The Final Presidential Debate

As the presidential campaign raced towards Nov. 6, President Barack Obama and Republican Nominee Mitt Romney utilized any resource they had to make a lasting impression on the American people. One of their last opportunities came with the final presidential debate, which was set to focus on foreign policy. The New York Times, The Washington Post, The Huffington Post and CNN all participated in initial reporting on the event, which they all managed to spin in their own ways. Although there was little variation in content, as the happenings of the televised event could hardly be disputed, the way the news sources decided to report on the story were unique to the media outlet.

The New York Times ran live coverage of the debate, as well as follow up coverage the day after, which went on the front page. The story covered the basics of what went on during the debate, citing quotes from Obama and Romney about their ideas on foreign policy, as well as documenting when they went off track and began to discuss more domestic issues. However, The New York Times went into more detail about the candidates’ reactions and behaviors towards one another. The article stated that despite all of the “fireworks,” the debate did not accomplish anything significant enough to encourage swing voters to choose a side. The article went into depth describing how the candidates acted, saying Obama, “chopped the air with his hand” and “lectured and even mocked Mr. Romney on the details on certain policies.”The Times described Romney as sitting “stiffly, his hands before him, back ramrod straight.” Although the Times did follow the debate and reported on the happenings, it seems the article was more dedicated to dissecting the candidates’ reactions towards each other and highlighting the “zinger” quotes of the night.

The Washington Post also kept a close eye on the debates, choosing to release an article the night of the election online. While the article did report on the happenings of the debate, the content had less fluidity then the article from The New York Times. The reporter bounced back and forth between what happened with the actual debate and several other factors, such as how the candidates were doing in the polls and the general campaign trail. Also, this article was less focused on how the candidates responded to each other and more on what was actually said. Editorializations such as “mocked” and “sarcastically” were not present in this article. Instead, the article focused on what was said, if the candidates had ever said anything like it before and how it may affect the campaign later on. This more objective viewpoint gives readers a more straight forward idea of what the candidates accomplished during the night, although it did not have the same entertainment factor The New York Times article had.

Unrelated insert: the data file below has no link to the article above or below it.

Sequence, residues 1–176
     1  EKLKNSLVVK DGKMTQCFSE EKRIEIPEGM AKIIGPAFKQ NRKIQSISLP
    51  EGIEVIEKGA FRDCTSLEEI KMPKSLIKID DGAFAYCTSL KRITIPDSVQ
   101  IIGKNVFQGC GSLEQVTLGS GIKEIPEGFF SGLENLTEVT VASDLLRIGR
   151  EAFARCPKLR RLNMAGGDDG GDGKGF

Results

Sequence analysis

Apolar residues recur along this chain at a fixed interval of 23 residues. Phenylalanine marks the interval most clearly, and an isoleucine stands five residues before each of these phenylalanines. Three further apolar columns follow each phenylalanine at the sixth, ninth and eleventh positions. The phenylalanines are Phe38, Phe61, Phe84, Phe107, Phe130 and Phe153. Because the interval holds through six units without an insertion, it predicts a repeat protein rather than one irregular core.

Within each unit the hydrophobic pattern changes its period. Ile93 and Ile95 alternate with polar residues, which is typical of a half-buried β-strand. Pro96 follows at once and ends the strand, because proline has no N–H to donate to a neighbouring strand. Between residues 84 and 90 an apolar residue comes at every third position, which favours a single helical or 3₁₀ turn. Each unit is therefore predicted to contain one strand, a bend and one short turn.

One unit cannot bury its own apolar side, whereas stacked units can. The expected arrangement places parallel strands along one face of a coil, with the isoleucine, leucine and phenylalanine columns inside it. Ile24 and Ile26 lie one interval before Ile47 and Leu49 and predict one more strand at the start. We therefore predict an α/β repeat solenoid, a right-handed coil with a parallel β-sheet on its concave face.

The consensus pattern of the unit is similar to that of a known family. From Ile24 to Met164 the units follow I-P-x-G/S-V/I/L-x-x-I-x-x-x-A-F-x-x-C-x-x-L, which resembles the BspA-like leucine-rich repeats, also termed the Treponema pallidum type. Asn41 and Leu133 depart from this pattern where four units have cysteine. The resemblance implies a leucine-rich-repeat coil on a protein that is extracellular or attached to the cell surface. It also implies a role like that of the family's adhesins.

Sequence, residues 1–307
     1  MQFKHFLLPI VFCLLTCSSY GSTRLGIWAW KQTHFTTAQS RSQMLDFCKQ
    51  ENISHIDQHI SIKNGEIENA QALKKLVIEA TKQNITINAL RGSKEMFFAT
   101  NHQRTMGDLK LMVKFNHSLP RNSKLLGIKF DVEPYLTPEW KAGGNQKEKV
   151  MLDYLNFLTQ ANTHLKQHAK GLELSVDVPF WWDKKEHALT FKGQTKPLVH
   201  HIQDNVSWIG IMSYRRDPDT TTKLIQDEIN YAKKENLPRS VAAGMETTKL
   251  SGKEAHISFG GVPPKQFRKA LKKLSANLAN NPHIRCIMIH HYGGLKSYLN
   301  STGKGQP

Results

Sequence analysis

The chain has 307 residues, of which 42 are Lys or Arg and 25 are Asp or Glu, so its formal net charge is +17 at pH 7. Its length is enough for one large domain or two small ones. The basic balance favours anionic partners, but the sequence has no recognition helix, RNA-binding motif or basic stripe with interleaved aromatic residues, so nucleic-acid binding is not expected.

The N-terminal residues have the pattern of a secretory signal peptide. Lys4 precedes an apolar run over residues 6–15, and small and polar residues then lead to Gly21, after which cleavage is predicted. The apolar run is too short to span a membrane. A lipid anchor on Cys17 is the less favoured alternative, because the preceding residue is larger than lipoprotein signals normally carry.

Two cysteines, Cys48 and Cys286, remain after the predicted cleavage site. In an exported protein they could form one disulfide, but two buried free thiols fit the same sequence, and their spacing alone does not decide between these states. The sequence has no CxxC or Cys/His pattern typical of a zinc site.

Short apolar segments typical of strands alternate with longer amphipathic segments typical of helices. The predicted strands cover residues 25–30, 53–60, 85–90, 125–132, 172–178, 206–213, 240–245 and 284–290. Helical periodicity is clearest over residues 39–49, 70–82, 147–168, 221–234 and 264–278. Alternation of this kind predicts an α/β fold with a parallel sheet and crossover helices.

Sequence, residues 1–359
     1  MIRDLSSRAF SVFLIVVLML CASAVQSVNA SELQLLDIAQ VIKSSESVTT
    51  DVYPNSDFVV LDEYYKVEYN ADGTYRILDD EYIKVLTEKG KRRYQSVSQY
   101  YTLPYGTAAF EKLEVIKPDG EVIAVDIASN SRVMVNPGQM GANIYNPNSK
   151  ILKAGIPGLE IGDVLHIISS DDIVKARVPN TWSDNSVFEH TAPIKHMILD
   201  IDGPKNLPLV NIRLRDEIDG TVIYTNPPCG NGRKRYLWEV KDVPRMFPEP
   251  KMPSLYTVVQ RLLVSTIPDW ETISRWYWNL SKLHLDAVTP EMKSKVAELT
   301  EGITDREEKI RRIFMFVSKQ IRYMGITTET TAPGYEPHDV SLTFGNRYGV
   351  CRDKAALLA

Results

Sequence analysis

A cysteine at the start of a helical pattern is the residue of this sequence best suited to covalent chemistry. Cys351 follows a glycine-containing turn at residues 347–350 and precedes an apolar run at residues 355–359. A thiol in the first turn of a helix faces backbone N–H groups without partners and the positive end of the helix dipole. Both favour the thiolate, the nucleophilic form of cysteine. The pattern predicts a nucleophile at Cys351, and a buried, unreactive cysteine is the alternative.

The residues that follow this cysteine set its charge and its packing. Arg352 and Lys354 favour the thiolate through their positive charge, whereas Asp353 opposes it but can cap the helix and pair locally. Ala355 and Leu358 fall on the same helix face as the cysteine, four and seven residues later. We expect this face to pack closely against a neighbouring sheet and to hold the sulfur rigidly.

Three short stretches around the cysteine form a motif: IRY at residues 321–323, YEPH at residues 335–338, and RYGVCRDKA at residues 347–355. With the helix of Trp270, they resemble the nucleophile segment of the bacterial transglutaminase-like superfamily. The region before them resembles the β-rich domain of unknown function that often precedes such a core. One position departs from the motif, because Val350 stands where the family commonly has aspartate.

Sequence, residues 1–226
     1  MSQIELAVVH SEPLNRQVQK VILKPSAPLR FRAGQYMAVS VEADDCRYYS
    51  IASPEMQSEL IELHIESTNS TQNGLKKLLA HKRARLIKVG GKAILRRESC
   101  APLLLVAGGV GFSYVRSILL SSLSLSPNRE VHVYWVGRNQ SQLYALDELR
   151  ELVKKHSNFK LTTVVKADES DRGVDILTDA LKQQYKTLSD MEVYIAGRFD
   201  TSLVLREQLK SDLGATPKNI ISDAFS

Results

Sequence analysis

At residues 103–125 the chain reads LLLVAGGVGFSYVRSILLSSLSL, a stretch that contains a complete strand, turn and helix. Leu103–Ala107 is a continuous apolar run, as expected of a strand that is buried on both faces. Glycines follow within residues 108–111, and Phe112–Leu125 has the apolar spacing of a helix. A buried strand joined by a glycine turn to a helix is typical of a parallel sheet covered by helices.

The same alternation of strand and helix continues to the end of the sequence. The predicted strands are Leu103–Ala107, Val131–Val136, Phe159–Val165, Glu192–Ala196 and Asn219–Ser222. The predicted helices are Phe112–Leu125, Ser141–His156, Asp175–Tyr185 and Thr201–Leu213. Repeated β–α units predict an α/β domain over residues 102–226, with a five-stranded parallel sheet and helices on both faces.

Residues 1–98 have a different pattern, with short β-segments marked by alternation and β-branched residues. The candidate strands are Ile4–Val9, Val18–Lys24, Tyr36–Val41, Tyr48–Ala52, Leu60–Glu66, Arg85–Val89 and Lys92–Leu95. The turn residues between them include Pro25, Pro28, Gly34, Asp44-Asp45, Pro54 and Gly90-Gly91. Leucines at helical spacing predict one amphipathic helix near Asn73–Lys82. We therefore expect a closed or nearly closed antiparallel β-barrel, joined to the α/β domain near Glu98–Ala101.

While they had other articles to follow up on the final presidential debate, The Huffington Post published an interesting article online shortly before the debate as a precursor to the night’s events. This article was particularly interesting due to the more comedic quality of the article. The article poked fun at the debates, comparing it to an “extra special season finale” of a reality television show. It also went on to make sharp social comments, such as noting moderator Bob Schieffer had not come under as much scrutiny as second debate moderator Candy Crowley, presumably because “Schieffer isn’t a woman, and so no one questions why he is speaking aloud in public.” While the article is mostly satirical, it brings up interesting points concerning the previous debates and how they were managed. It is also noteworthy the Huffington Post chose to run an article a few hours prior to the debate, rather than only reporting after the fact. This allows them to refer back to their predictions and see if the debate unraveled the way they thought it would. It also lets readers refer back to these predictions and have a stronger grasp of what the candidates will talk about and how they may interact with each other.

While CNN ran several stories about the final presidential debate, one of the arguably most interesting articles was a round-up of the funniest tweets concerning the debate. The article was released the day after and compiled several tweets the media outlet considered noteworthy. While the article did not go into great detail about what happened during the debate, it covered the basics, such as where and when it took place. It mostly focused on voter response to the election through the popular social media site, Twitter. It pointed out several keys phrases and incidents that had quickly become parodied and turned into hashtags, such as #horsesandbayonettes, referring to Obama’s comment towards Romney about updated naval and military procedures. The tweets poked fun at both candidates, with accompanying hashtags to further the mockery. For example, twitter user W. Kamau Bell tweeted, “President Obama has that “I have Bin Laden’s head in a bag beneath the desk,” look in his eyes. #mockthevote #debate” and Barack Obama’s parody account tweeted “Wait, so Tumult isn’t one of Romney’s sons name? #debate.” The article emphasized the importance of social media in the election, as well as exposing it as an important journalism tool.

-Rachel Taylor

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